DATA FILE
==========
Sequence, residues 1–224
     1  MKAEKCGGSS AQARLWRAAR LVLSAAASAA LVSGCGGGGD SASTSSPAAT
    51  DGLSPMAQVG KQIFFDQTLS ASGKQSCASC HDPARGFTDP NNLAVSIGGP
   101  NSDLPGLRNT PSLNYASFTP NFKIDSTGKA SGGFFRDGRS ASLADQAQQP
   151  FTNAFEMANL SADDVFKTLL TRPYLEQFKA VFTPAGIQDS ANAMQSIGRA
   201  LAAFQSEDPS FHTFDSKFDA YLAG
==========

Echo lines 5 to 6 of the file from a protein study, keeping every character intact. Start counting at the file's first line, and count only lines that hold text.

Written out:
   151  FTNAFEMANL SADDVFKTLL TRPYLEQFKA VFTPAGIQDS ANAMQSIGRA
   201  LAAFQSEDPS FHTFDSKFDA YLAG